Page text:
Temporal range: Late Eocene–Early Oligocene
Skeleton of H. gregarius
Scientific classification
Kingdom: Animalia
Phylum: Chordata
Class: Mammalia
Order: Carnivora
Family: Canidae
Subfamily: Hesperocyoninae
Genus: Hesperocyon
Scott, 1890
Type species
Hesperocyon gregarius
  • H. coloradensis
  • H. gregarius

Hesperocyon is an extinct genus of canids (subfamily Hesperocyoninae,family Canidae) that was endemic to North America, ranging from southern Canada to Colorado. It appeared during the Uintan age-Bridgerian age (NALMA) of the Mid-Eocene 42.5 mya—31.0 Ma. (AEO).[1] Hesperocyon existed for approximately 11.5 million years.


H. gregarius

Hesperocyon was assigned to Borophagini by Wang et al. in 1999[2] and was the earliest of the canids to evolve after the Caniformia-Feliformia split some 42 million year ago. Fossil evidence dates Hesperocyon gregarius to be at least 37 million years old, but the oldest Hesperocyon has been dated at 39.74 mya from the Duchesnean North American Land Mammal Age.[3]

The Canidae subfamily Hesperocyoninae probably arose out of Hesperocyon to become the first of the three great dogs groups: Hesperocyoninae (~40-30 Ma), Borophaginae (~36-2 Ma), and the Caninae lineage that led to present-day Canidae, inclusive of modern-day wolves, foxes, coyotes, jackals and dogs (Canis familiaris). At least 28 known species of Hesperocyoninae evolved out of Hesperocyon, including those in the following five genera: Ectopocynus (32-19 mya), Osbornodon (32-18 mya), Paraenhydrocyon (20-25 mya), Mesocyon (31-15 mya) and Enhydrocyon (31-15 mya).[2][4]


Restoration of H. gregarius

This early, 80 cm (2 ft 8 in) long canine looked more like a civet or a small raccoon than a canine. Its body and tail were long and flexible, while its limbs were weak and short. Still, the build of its ossicles and distribution of its teeth showed it was a canid. Although it was definitely a carnivore, it may also have been an omnivore - unlike the hypercarnivorous Borophaginae that later split from this canid lineage.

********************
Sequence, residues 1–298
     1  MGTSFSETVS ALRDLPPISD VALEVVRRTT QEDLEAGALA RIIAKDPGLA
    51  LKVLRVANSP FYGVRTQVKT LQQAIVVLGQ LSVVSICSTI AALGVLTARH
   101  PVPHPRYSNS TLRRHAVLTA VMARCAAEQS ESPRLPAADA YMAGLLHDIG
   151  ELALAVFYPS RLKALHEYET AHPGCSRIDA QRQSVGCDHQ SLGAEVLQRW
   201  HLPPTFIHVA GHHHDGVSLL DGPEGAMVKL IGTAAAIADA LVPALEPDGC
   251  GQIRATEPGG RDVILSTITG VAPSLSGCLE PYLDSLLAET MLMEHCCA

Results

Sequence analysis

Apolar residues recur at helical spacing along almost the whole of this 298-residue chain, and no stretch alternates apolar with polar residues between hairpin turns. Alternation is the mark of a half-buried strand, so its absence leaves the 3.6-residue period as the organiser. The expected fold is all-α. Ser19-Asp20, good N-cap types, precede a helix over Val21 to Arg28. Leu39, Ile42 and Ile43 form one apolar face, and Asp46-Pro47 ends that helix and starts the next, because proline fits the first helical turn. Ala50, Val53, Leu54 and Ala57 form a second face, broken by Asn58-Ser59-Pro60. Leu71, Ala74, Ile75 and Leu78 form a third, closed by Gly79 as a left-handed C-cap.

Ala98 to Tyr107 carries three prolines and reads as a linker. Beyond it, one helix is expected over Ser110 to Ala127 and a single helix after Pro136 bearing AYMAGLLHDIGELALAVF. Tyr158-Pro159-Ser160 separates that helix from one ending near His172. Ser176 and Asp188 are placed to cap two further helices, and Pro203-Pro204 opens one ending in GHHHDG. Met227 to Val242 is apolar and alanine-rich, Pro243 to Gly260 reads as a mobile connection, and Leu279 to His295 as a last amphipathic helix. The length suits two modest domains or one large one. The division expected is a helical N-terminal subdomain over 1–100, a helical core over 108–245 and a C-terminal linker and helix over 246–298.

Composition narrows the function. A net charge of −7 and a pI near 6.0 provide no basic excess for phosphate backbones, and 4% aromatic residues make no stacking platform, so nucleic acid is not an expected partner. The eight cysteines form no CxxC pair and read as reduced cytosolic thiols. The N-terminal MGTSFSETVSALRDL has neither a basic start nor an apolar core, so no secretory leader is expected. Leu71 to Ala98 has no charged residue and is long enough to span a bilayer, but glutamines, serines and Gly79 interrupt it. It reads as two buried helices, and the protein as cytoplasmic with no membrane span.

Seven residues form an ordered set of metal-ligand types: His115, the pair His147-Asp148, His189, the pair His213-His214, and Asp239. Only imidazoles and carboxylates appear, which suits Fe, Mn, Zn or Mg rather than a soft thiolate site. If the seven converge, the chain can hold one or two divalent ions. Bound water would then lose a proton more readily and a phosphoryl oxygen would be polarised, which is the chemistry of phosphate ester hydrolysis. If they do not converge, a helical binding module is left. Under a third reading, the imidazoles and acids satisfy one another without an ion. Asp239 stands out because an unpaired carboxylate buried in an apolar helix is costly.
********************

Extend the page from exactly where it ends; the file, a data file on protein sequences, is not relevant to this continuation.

Body mass


Two specimens were examined by Legendre and Roth for body mass. One specimen was estimated to weigh 1.67 kg (3.7 lb). A second was estimated to weigh 1.73 kg (3.8 lb).[5]

Fossil record

The oldest fossil evidence was recovered from Saskatchewan dating from 42.5 mya—31.0 Ma. The youngest fossil was recovered from the Dog Jaw Butte site, Goshen County, Wyoming dating to the Arikareean age (NALMA) of the Oligocene and Miocene 42.5 mya—31.0 Ma. (AEO).[6]


  1. Paleobiology Database Collection 16626, Swift Current Creek, Saskatchewan, Canada. Authorized by Dr. John Alroy, entered by J. Alroy on February 18, 1993
  2. 1 2 Wang, Xiaoming, Tedford, Richard H. & Taylor B. E. (1999). "Phylogenetic systematics of the Borophaginae (Carnivora: Canidae)". Bulletin of the American Museum of Natural History. 243: 1–391.
  3. Benton, Michael J.; Philip C.J. Donoghue (2007). "Paleontological Evidence to Date the Tree of Life". Molecular Biology and Evolution. 24 (1): 26–53. doi:10.1093/molbev/msl150. PMID 17047029.
  4. Wang X (1994). "Phylogenetic systematics of the Hesperocyoninae (Carnivora, Canidae)". Bulletin of the American Museum of Natural History. 221: 1–207.
  5. Legendre S.; Roth C. (1988). "Correlation of carnassial tooth size and body weight in recent carnivores (Mammalia)". Historical Biology. 1 (1): 85–98. doi:10.1080/08912968809386468.
  6. Paleobiology Database, Collection 17492, Dog Jaw Butte site, Goshen County, Wyoming. Authorized and entered by Dr. John Alroy, March 26, 1995.
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